Whom to trust?

We met Fran a couple of years ago when we petted her blue heeler, Sheila. Seeing that we liked dogs and were good with her dog, Fran asked if we would babysit Sheila on Tuesday nights when she (Fran, not Sheila) went bowling. We said yes with no thought that she would pay us, but when she picked Sheila up the first night and handed me a $20 bill, I took it because I’m just that way. (You might want to jot down the fact that it would be a mistake to offer me money as a gesture based upon the assumption that I’ll refuse it, e.g. “Thanks for the doughnut; here’s a thousand dollars.”) Fran has since retired from her job, so we don’t see her or Sheila much anymore except by accident, but when she wrote several weeks ago to ask if we would keep Sheila for three days, we said yes. She offered us $150, but, as with keeping Sheila on bowling nights, we would have done it for nothing.

So, here I sit with Fran’s cow dog nudging me for a cuddle and her (
Fran’s, not Sheila’s) Honda Element in the driveway. I’ve had sex with people who didn’t trust me that much. I don’t know how I could have ever been so stupid, but I assumed that if a woman made love to me, it meant that she trusted me, but when a couple moves in together, it’s not the sharing of sex or the professions of eternal devotion that represent the ultimate in confidence, but the putting of the other person’s name on your bank account, especially if there’s anything in it.

When Peggy and I were married, I doubt that we had $3,000 between us, so sharing a bank account didn’t seem like a big deal, but now that we have enough money to keep us “comfortable” for the rest of our lives, I can’t imagine putting another woman’s name on my accounts. This brings to mind the fact that I’m growing older and there might come a day when I will need someone other than Peggy to handle my financial affairs. I think that what I might do would be to ask my friend, Lee, to take charge. He’s the father of my grand-daughter, but I have no blood relationship with him or his wife, Robin, which means that I haven’t known them for years and years (about 6-8 years). I have observed them, and they’ve consistently impressed me as being people of integrity. One of the things they did that got my attention happened last year when we were shopping for baby clothes a short time after Sidney started walking well enough that she was no longer prone to doing face plants. Lee warned me not to put her down, but I wanted her to have a good time—especially since she was with her remarkably adorable Grandpa—so I did.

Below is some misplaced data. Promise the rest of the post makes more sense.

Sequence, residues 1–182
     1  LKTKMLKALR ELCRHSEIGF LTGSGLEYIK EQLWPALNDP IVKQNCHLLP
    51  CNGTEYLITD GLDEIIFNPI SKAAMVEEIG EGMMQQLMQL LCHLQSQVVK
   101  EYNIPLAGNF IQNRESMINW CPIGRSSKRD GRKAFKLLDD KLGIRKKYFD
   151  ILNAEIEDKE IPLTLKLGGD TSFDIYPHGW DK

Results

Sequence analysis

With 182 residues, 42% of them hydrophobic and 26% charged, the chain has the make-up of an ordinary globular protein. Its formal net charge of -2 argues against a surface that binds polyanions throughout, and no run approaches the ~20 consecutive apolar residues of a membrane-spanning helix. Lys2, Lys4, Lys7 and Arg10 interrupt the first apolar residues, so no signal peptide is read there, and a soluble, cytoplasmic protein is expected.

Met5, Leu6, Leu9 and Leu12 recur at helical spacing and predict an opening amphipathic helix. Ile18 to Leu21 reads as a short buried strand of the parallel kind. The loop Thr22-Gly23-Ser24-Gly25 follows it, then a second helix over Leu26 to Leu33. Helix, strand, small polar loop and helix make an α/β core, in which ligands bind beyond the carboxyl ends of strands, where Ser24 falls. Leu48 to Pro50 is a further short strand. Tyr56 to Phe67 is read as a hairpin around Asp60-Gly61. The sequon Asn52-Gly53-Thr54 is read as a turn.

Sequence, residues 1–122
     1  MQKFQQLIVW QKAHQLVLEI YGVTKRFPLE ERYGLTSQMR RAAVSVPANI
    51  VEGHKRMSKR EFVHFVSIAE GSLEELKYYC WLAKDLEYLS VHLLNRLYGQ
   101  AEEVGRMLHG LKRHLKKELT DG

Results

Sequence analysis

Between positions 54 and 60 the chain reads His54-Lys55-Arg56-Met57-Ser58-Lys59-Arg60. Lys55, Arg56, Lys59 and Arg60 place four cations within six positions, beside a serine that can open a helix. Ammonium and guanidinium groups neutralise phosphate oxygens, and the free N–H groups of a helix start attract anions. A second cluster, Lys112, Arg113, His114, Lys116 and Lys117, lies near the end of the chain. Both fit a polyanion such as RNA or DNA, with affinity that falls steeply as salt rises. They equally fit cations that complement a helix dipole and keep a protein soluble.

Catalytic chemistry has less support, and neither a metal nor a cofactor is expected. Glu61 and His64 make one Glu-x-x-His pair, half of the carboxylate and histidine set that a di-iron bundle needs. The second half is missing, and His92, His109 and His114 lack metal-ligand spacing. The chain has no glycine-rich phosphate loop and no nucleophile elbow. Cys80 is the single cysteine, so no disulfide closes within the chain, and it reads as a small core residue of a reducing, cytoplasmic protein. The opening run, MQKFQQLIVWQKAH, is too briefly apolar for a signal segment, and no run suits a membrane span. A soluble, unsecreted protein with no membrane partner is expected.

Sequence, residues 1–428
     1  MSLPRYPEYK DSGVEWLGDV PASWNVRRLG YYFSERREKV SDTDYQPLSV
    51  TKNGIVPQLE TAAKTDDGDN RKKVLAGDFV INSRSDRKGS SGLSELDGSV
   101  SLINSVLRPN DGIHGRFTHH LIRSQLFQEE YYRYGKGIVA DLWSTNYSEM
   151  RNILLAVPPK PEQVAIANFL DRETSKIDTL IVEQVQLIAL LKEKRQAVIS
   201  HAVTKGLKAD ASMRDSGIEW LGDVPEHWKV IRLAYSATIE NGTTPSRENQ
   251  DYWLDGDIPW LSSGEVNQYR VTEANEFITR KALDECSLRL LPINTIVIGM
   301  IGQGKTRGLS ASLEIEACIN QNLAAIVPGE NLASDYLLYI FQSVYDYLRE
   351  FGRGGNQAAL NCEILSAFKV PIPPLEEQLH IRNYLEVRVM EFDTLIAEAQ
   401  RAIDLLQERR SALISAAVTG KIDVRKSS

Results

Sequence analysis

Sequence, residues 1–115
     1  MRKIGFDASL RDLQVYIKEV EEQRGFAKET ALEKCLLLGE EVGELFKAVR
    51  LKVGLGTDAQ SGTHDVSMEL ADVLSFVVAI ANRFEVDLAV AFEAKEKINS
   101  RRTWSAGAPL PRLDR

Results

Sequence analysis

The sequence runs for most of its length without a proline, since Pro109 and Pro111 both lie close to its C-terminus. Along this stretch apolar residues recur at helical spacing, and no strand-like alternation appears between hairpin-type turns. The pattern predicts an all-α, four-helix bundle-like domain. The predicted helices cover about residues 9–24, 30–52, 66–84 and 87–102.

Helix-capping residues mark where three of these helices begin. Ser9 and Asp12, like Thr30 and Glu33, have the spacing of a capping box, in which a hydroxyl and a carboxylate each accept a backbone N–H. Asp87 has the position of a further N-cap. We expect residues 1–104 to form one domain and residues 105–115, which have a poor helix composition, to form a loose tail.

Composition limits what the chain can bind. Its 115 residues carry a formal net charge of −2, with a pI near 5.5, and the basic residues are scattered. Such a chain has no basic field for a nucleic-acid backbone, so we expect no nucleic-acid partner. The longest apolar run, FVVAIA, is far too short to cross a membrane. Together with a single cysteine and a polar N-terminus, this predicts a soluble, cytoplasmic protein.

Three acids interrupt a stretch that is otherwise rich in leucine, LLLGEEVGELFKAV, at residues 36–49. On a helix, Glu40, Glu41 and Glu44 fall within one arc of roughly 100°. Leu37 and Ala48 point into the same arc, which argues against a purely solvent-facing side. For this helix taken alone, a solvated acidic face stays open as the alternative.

She immediately began to shop like her father, mother, and grandmother, only at a hundred times the speed as she ran through the store pulling clothes off the racks and carrying them with her (whenever she got too many to carry, I returned the excess). It was just her and me since everyone else was involved with the real shopping, and we had  a grand time. When Lee and Robin were ready to go, Robin asked Lee if they should pay for the clothes that Sidney had been carrying around the store, and Lee said that, no, they hadn’t been soiled, so there was no reason to buy them. That Robin broached the subject and Lee took it seriously made quite an impression on me. Never once have I seen them show less than total integrity, and this makes them more like Peggy than like I because while it is in my heart to show unblemished integrity where my friends are concerned, how I treat others is dependent upon how they treat me.

You might wonder if I don’t have any blood kin whom I would trust with my money. I don’t have much in the way of family. There’s a half brother whom I don’t know, a half sister who is a good bit older than I, and a full sister whom I wouldn’t trust with pocket change. Peggy has many relatives, but they’re all on the other side of the country, and they’re either getting old, or I don’t trust them, or I don’t know them well enough to trust them. Even so, the sad fact of life is that we all have to trust someone. I say sad because if I could be eternally competent to do everything for myself, I would greatly prefer it, but sickness, accident, and aging, have taught me that, sooner or later, we all have to make ourselves vulnerable to other people.